Herringbone at KXT
It's been a few years since we have seen Independent Musical Theatre company, Squabbalogic, take to the Sydney stage but they are back with a one man show, Herringbone, starring Artistic Director, Jay James-Moody. We spoke with James-Moody about the complexity of this multi-character/one actor play and why audiences shouldn't miss it. Have a read below:
Herringbone sounds like a complex web of history, memory, deceit, family and revenge. What can you tell us about this show and how, as the actor behind a multitude of characters, each of these figures finds their place within this tale?
Herringbone is a kind of memory play. We’re reliving the events of thirty-years past and our narrator is inhabiting all of the characters to tell that story. The characters are created from his perspective so there’s perhaps a little uncertainty about how accurate his portrayals are and if indeed the events he describes happened the way he tells it. I think there is a sense that he is a little confused about that himself, but it’s certainly a very diverse group spanning from a family in Alabama, to an English-accented vaudevillian, a frightening and malevolent spirit with a soft spot for show-business and a naive Californian woman, so physicality and accent play a big part of the transformations.
Do you identify with any of these characters more than others? What is your process in allowing each character to fully evolve and follow their own arc as you tackle them all?
I don’t necessarily identify with any characters directly, but thematically there are certainly perspectives and experiences that resonate. I think one of the core themes that appeals to me is an artist’s drive to create - in this case performing. Lou, a murdered vaudevillian, is so driven to express himself creatively that his spirit lingers until he can find a vessel to continue his craft. The flip side is young George, who ends up being that vessel. He is kind and compliant and feels the pressure of everyone around him to be something special and questions his own ability. The characters are very well drawn in the text, which is obviously very helpful in keeping theme clear and allowing each character to breathe. Right now I’m just learning the text and voice, and physicality will play a fairly crucial role once we’re in rehearsal to realise each of them completely.
The one person play is a very intricate art form. What is gained in this piece by having one actor share all aspects of the story?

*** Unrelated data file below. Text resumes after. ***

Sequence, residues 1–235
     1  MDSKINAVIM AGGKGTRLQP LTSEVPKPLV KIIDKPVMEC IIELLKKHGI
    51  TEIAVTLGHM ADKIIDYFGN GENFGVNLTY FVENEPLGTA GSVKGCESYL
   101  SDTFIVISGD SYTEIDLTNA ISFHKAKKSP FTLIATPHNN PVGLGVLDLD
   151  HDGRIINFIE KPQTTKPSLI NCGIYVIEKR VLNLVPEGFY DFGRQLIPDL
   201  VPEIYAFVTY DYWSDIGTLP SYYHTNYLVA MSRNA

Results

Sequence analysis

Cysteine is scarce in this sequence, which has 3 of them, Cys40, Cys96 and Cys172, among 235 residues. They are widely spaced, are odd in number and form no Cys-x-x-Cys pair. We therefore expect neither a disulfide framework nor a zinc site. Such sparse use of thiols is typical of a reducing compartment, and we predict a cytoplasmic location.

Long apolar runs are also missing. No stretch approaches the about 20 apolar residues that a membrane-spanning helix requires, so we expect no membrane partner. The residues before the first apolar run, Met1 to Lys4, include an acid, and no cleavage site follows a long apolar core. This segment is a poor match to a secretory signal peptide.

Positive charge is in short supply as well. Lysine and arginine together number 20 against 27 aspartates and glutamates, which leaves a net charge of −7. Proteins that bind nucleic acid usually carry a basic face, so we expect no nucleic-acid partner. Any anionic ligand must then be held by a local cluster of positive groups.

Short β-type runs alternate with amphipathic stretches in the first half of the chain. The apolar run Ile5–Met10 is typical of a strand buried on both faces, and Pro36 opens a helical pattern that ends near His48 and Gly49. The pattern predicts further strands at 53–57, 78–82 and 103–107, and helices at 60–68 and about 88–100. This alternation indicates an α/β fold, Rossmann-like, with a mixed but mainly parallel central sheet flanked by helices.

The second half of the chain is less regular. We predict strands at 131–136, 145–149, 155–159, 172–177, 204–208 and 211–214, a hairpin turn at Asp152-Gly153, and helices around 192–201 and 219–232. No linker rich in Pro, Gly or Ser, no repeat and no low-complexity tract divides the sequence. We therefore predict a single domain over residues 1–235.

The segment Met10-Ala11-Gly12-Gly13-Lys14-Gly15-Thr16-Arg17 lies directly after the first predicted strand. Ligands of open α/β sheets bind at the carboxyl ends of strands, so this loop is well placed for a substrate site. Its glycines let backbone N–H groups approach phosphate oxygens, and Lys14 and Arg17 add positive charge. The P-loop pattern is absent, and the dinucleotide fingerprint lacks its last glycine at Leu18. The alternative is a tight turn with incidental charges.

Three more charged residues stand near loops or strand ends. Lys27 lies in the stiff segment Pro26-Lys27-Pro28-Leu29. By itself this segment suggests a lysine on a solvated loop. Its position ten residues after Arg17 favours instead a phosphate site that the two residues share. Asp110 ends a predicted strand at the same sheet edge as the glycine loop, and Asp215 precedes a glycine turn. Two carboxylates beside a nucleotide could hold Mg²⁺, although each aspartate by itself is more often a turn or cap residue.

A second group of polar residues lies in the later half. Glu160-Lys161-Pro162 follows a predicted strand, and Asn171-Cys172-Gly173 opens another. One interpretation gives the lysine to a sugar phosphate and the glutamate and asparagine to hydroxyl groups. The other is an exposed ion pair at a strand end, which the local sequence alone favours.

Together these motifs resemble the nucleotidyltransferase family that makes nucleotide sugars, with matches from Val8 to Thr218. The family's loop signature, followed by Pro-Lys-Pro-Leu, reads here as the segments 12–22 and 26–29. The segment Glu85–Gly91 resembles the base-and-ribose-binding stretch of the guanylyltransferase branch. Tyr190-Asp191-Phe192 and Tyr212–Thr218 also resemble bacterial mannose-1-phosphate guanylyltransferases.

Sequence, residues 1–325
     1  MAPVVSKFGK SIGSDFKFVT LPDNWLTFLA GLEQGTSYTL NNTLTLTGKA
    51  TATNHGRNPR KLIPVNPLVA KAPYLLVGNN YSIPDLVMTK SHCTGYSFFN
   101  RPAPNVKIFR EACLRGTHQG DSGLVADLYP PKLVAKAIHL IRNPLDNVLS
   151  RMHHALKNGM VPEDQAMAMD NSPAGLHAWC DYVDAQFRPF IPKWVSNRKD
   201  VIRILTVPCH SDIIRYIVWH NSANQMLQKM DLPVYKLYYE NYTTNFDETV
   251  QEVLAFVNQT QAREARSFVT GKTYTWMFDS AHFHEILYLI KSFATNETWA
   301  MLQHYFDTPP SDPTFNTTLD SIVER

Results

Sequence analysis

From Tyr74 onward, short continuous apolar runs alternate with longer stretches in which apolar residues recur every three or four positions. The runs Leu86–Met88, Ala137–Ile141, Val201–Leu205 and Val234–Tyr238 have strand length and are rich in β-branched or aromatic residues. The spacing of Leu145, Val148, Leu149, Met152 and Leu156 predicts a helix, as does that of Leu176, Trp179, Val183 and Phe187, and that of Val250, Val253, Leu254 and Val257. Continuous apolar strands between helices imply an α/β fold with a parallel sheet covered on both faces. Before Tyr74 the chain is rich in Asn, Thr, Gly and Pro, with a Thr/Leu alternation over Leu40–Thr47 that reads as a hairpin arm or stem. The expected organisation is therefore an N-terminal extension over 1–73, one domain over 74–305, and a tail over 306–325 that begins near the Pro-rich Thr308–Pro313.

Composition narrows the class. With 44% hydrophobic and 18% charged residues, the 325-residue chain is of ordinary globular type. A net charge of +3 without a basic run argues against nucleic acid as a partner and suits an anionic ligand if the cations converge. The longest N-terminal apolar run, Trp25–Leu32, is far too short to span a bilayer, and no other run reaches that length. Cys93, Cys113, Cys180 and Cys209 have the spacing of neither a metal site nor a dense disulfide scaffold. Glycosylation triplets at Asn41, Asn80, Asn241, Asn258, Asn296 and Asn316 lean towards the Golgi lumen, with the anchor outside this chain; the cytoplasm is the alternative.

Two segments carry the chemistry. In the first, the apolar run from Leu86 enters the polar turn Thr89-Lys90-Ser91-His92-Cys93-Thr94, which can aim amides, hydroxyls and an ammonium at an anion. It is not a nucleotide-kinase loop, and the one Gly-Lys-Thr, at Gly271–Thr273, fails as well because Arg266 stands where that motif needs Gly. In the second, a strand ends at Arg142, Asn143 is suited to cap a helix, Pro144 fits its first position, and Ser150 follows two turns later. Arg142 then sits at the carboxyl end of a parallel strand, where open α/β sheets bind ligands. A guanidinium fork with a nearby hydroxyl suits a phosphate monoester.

This form of story-telling I think suits the themes of the play much better than if it was a full cast production. For one, it is about a performer - someone who becomes someone else for a living. There’s a lot of subtext around the contradiction of a lot of performers who can be quite shy and reserved but also have the ability to be bold and extravagant through their art, so having one actor portray that duality enhances the concept. There are also aspects that are very surreal and unsettling, and I think leaving the question open as to the truth of what our narrator tells us, and how he presents the characters in his own story, adds an additional layer of mystery for the audience. Rather than 11 actors playing their own agendas, we have one who is using 11 characters for a single agenda, whatever that may be.
As both actor and co-director how have you juggled the two roles during the rehearsal period for this show?
There’s a balance there of conceptual direction, which is more my domain and includes shaping the design and the overall tone of the show, and spatial direction, which Michael Ralph will handle. That will be putting me in the space and being that detailed outside eye. So I’m looking after much of the internal, acting, reasoning side of things and Michael the external, visual side of things. At the end of the day however I have to trust Michael completely to make sure what I’m doing is clear so I can focus on investing as much as I can into the performance.
Why is this piece relevant to 2018/2019 audiences? What can they expect to take away from this production?
I think there are themes we can relate to about the contradictory desires to be public, admired and appreciated, and our need for privacy, solitude and comfort that are explored in interesting ways in the show. Especially in this very social media driven world we are in, there is a constant expectation to ‘perform’ for the rest of the world through the content we put out there, and many of us - whether performers or not - struggle to keep up with that: loving the attention it brings us but loathing hollowness it can often bring. But that is deeply subconscious. I hope the audience will be amused, enthralled and a little unsettled by Herringbone.
RAPID FIRE QUESTIONS
Favourite production you have ever seen?
Jesus Christ Superstar with John Farnham and Kate Ceberano is the reason I’m in theatre. August: Osage County is the only show I’ve walked out of and immediately bought a ticket to see it again.
You’re getting on a plane tomorrow and you can go anywhere in the world, where do you go?
I’m getting on a plane as I write this and I’m off to California to see wonderful Australian friends make their US musical debuts.
Dream role to perform?
That I’ll never play: Mamma Rose in Gypsy.
That I hope to play: Seymour Krelborne in Little Shop of Horrors.
That I have played: Man in Chair in The Drowsy Chaperone.
Plays or musicals?
They’re both theatre and that’s all that matters to me.
A hobby you have beyond the theatre?
I struggle with this question because theatre is my hobby and my career.
What’s next for you after this show?
Two original shows of my own go into presentation development, Good Omens with Merrigong Theatre Company in May and The Dismissal at the Seymour Centre in June.
Herringbone opens on January 18th at KXT and tickets are available here.